Kreymborg maintained a long-term connection with Alfred Stieglitz primarily because of Kreymborg's relationship with Hugo Knudsen, who invented some of the early photo-printing processes that Stieglitz utilized. Knudsen and Kreymborg both married sisters Beatrice (Bea) and Dot Bloom (respectively).

Other interests[edit]

He also wrote puppet plays (his most famous being Manikin Minikin and Lima Beans), which he performed with his wife, Dot, while touring the United States.

Kreymborg played chess at a near-professional level; he was recognized as a National Master standard player in his youth.[24] On two occasions he played and lost to José Capablanca, including a defeat in 1910 due to a mix-up in his endgame[25] He drew one game with the U.S. Champion Frank Marshall in the 1911 Masters Tournament, but shortly afterward left the chess world after a stunning defeat by Oscar Chajes, returning to the sport roughly 23 years later. He wrote the article 'Chess Reclaims a Devotee', which is semi-autobiographical and also based on Charles Jaffe; the story is well known in chess circles.[26]

Kreymborg was very close with "Sandy" Calder.

Due to his knack of "discovering" and publishing some of the most important poets during his time, Kreymborg later became president of the Poetry Society of America.

Critical views[edit]

Kreymborg later became a relatively conservative poet, but — according to Julian Symons — "never an interesting one"[15]

In Namedropping, Richard Elman writes a short chapter about a meeting with Kreymborg in the early 1960s.[27]

Works[edit]

Maxim Lieber was Kreymborg's literary agent in 1947.

  • Love and Life and Other Studies (1908)
  • Apostrophes: A Book of Tributes to Masters of Music (1910)
  • Erna Vitek (1914) novel
  • Edna: The Girl of the Street (1915) [1] PDF of 1919 edition with G. B. Shaw contribution
  • To My Mother 10 Rhythms (1915)
  • Mushrooms: A Book of Free Forms (1916) poems, as 1915 Mushrooms 16 Rhythms in Bruno Chap Books
  • Others: An Anthology of the New Verse (1916) editor
  • Others: An Anthology of the New Verse (1917) editor
  • Six Plays for Poem-Mimes (1918)
  • Blood of Things: A Second Book of Free Forms (1920)
  • Others for 1919: An Anthology of the New Verse (1920)
  • Plays for Merry Andrews (1920)
  • Less Lonely (1923)
  • Puppet Plays (1923)
  • Troubadour (1925) autobiography
  • Lima Beans. A Scherzo Play in One Act (1925)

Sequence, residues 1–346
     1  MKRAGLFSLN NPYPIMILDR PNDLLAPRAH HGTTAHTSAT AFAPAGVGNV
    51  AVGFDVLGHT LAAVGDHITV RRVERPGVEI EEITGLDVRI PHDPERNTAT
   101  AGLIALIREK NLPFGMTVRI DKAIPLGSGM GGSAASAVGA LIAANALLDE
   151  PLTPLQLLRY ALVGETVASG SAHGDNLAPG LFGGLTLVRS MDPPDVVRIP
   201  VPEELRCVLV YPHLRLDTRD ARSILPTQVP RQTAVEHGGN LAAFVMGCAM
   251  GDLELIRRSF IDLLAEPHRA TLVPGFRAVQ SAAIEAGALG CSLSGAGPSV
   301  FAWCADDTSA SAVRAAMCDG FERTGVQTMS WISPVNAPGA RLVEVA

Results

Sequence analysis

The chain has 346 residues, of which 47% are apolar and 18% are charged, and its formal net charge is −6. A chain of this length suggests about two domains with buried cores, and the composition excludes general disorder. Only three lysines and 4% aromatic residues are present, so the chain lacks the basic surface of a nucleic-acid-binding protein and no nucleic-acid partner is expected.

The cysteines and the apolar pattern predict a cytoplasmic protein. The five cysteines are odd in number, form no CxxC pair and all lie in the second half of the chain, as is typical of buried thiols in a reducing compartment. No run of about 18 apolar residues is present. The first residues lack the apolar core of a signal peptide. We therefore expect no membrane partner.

• Rocking Chairs and Other Comedies (1925)
  • Manikin and Minikin (1925)
  • Scarlet and Mellow (1926)
  • There's a Moon Tonight (1926) comedy
  • The American Caravan (1927), yearbook, editor with Lewis Mumford, Van Wyck Brooks and Paul Rosenfeld, later years also
  • Funnybone Alley (1927)
  • The Lost Sail, A Cape Cod Diary (1928)
  • Alfred Kreymborg (1928) The Pamphlet Poets
  • Manhattan Men: Poems and Epitaphs (1929) poems
  • Body and Stone: A Song Cycle (1929)
  • Our Singing Strength, An Outline of American Poetry, 1620 - 1930 (1929) also later in 1934
  • An Anthology of American Poetry Lyric: America 1630–1930 (1930) anthology, later editions are supplemented
  • Prologue in Hell (1930)
  • I'm Not Complaining: A Kaffeeklatsch (1932)
  • Little World. 1914 and After (1932)
  • I'm No Hero (1933)
  • How Do You Do Sir? And Other Short Plays (1934)
  • Anthology of One-Act Plays 1937-38 (1938) editor
  • The Planets: A Modern Allegory (1938)
  • Two New Yorkers (1938) editor Stanley Burnshaw, illustrated by Alexander Kruse
  • The Four Apes and Other Fables of Our Day (1939)
  • Poetic Drama: An Anthology of Plays in Verse (1941) editor
  • Ten American Ballads (1942)
  • Selected Poems 1912 to 1944 (1945)
  • Man and Shadow: An Allegory (1946) poems
  • The Poetry Society of America Anthology (1946) editor with Amy Bonner and others
  • No More War: An Ode to Peace (1949)
  • No More War and other poems (1950)

References[edit]

Notes[edit]

  1. ^ Chess History, #3569
  2. ^ Stansell, op. cit. page 83.
  3. ^ Eisler, op. cit. page 104.
  4. ^ Churchill, op. cit., page 53, note 26.
  5. ^ Bochner, op. cit., page 137.
  6. ^ Kenner, op. cit. page 158
  7. ^ Churchill, op. cit. page 52.
  8. ^ Churchill, op. cit. page 51
  9. ^ Brandon, op. cit. page 82
  10. ^ Churchill, op. cit. page 52, note 20.
  11. ^ Stansell op. cit. pages 99–100,
  12. ^ The Art of Poetry: Marianne Moore
  13. ^ a b Kreymborg, Troubador, Chapter 12, page 79.
  14. ^ according to Symons, op. cit. pages 122 and 127, the 'Mushrooms' had been "unpublishable", although this does not seem quite fair as the acknowledgements page thanks the editors of The New Republic, The Poetry Journal, Poetry: A Magazine of Verse; Others: A Magazine of the New Verse; The Egoist, Catholic Anthology, Bruno Chap Books, Greenwich Village and Rogue.
  15. ^ a b Symons, op. cit. page 122.
  16. ^ Churchill, op. cit. page 52, note 20
  17. ^ a b Periodicals
  18. ^ Carpenter, op. cit. page 168.
  19. ^ Modern Illustrated Books
  20. ^ Christie's in London recently celebrated a record-breaking, $104-million week and broke six world records for individual artists—the best week the London auction house has had for more than a decade - Aution Block - Brief Article | Art Business News | Find Articles at BNET.com
  21. ^ his 'Six Movements' appeared in Volume 75 No.5 (November 1923). Symons, op. cit. page 152 indicates that his work appeared in early 1921, but the only mention of Kreymborg in the contents for that period is for a comment on the forthcoming Broom in Issue Volume 70 No.5 May 1921.
  22. ^ Eiseler, op. cit. page 346.
  23. ^ The National Cyclopedia of American Biography, vol. 3 (ed. James Terry White, 1952), p. 71.
  24. ^ Brandon, op. cit. page 64.
  25. ^ Chess History Note
  26. ^ See Chess History Note
  27. ^ Namedropping

External links[edit]